[Emily’s note: If you suffer from food allergies, you may feel like it’s a life sentence of restriction and misery. In this post, my fellow blogger, Mindy Wood, shares her experiences and discoveries as she attempts to reverse her food allergies…]
I didn’t know I had food allergies until I had kids. When my first daughter started spitting up after every feeding, a La Leche League leader told me that she might be allergic to dairy crossing into my breastmilk. I cut out dairy and – whaddaya know – no more spit up.
The funny thing is, when I stopped eating dairy I started seeing health improvements, even though I didn’t think I was unhealthy before. It wasn’t until I stopped having a chronic runny nose, lost that extra ten pounds I’d always carried, and started feeling more normal that I realized – I had been sick my whole life.
Yep. I’m allergic to dairy (and, I later found out, gluten, too).
I started to wonder whether or not I’d ever be able to eat dairy again. Not only is dairy yummy, but the store bought alternatives like earth balance, almond milk, and coconut milk ice cream have lots of extra ingredients that I’d rather avoid.
Many people believe that a food allergy is a life sentence, but I didn’t want to believe it. What I found out is, it’s not easy…but you really can heal and reverse food allergies.
I haven’t healed my food allergies completely, but I have seen huge improvements over the last few years. I can now eat a little bit of dairy once in a while, as long as I’m being careful to eat it with other foods that are easily digested and avoid gut wrecking processed foods.
Most of the people I know who are healing food allergies have been able to reintroduce allergenic foods after about a year of healing.
Why food allergies and leaky gut go hand in hand
A food allergy is an abnormal immune response to a certain food that is actually a symptom of a larger digestive problem: leaky gut.
Your intestines act as a gatekeeper, filtering nutrients to the bloodstream and keeping waste (undigested food, bacteria, etc) away from the blood stream.
Leaky gut occurs when the lining of your intestine has become damaged (due to antibiotics, stress, toxins, processed food, or infection), and loses some of its ability to filter waste. It starts to allow waste to cross into the bloodstream (and stops absorbing nutrients as readily, too). Your body begins to fight the invaders, causing inflammation.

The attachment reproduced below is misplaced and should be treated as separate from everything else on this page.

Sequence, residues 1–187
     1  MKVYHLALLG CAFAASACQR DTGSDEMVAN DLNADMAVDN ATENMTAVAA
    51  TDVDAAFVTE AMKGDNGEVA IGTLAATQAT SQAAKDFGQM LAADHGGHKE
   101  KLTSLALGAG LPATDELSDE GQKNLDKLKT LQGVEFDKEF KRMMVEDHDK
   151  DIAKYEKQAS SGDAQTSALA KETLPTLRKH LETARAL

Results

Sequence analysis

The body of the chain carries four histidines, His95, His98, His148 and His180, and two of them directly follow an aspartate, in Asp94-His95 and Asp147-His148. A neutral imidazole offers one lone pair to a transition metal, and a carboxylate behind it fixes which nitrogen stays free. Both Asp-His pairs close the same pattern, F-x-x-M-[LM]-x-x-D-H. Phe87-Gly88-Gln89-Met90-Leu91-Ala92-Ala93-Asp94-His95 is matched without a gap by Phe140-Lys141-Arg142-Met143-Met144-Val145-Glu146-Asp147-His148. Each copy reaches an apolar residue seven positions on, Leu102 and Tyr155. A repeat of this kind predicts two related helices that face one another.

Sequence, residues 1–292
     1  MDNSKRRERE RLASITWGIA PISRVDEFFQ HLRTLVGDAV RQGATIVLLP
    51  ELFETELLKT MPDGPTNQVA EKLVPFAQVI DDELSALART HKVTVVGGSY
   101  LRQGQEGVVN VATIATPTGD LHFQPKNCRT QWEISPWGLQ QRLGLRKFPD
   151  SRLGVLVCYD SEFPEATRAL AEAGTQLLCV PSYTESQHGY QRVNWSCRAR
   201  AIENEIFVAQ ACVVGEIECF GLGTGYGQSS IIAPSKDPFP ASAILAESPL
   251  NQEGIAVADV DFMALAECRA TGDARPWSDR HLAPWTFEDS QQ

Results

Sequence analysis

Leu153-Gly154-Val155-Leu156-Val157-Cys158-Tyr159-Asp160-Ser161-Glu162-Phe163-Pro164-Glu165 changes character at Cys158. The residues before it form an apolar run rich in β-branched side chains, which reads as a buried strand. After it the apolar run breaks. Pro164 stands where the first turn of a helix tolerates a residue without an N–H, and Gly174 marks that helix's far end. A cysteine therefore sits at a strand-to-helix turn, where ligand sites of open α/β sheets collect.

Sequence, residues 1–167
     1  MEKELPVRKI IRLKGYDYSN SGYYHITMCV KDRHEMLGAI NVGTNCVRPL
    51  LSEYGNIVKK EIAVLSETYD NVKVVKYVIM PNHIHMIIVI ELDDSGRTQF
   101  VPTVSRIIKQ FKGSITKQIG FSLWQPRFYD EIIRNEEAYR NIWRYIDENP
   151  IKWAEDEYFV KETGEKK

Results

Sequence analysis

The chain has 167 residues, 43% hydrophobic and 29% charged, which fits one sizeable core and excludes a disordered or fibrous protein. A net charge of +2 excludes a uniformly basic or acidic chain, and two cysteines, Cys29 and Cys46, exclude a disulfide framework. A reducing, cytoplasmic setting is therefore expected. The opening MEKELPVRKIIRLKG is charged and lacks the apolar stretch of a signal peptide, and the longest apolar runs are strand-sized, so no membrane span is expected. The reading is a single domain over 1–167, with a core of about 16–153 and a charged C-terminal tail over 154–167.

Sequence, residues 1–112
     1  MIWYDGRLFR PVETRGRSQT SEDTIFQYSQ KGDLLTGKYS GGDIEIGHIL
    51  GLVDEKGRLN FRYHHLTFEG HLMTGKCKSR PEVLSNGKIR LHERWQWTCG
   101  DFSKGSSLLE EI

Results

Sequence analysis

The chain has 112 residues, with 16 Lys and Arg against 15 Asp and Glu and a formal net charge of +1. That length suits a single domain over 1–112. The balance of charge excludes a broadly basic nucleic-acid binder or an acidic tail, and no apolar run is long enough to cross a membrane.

This means you can’t heal and reverse food allergies unless you heal your gut. And if you don’t heal your gut now, you could be in for more food allergies down the road.
Do you have leaky gut?
If you have food allergies, it’s very likely you have leaky gut. Signs of leaky gut (besides food allergies) are digestive issues, autoimmune diseases, mood disorders (like depression, ADD, and anxiety), chronic fatigue, joint pain, hormonal imbalances, and skin issues like eczema and acne.
Take this quiz to see if you have leak gut.
How to reverse food allergies
To reverse food allergies, it is essential that you heal your digestive system, and this can seem like a huge undertaking.
If you’re familiar with healing diet protocols, you already know they can be very restrictive. The good news is that you don’t necessarily have to do a full healing protocol to heal your gut.
1 – Stop eating allergenic foods
At least for a while, you need to cut out the foods that are causing the problem – regardless of how much you love them.
Continuing to eat allergenic foods irritates an already inflamed gut. It also encourages your body to stay on high alert, because foreign invaders are continually entering the bloodstream. A cycle of chronic inflammation results.
2 – Eliminate overgrowth of bad bacteria and yeast
The gut normally contains good bacteria (probiotics), bad bacteria and yeast. When unhealthy organisms start to grow out of control (due to poor diet, antibiotics use, etc), your gut is no longer balanced and you become ill. You need to re-balance your gut flora to regain your health.
- Take a high quality probiotic (Like this one).
- Eat a low sugar diet and avoid processed sugar all together.
- Eat prebiotics if you can handle them. Prebiotics don’t digest in the stomach, so they travel to the intestines where probiotics attach and feed on them. They can be found in unripe bananas and plantains and properly prepared parboiled rice, legumes, and potatoes. Find out more about prebiotics here.
3 – Improve overall digestion
I’ve found I can tolerate dairy more if I’m taking extra care to support my digestion.
- Digestion starts in the mouth, so chew thoroughly and eat slowly
- Limit raw foods and hard to digest foods like beans and grains
- Take a digestive enzyme with meals to aid in digestion (I like this one)
- Eat plenty of healthy fat like pastured butter, lard, and tallow, and high quality coconut oil (I buy this coconut oil in bulk)
4 – Eat gut healing foods
Including these foods in your diet will help improve digestion, balance gut flora, and rebuild the intestinal lining.
Fermented foods and drinks
Fermented foods and beverages are a great way to recolonize your gut with good bacteria inexpensively. Including them with each meal is also a good way to help your other food digest more easily.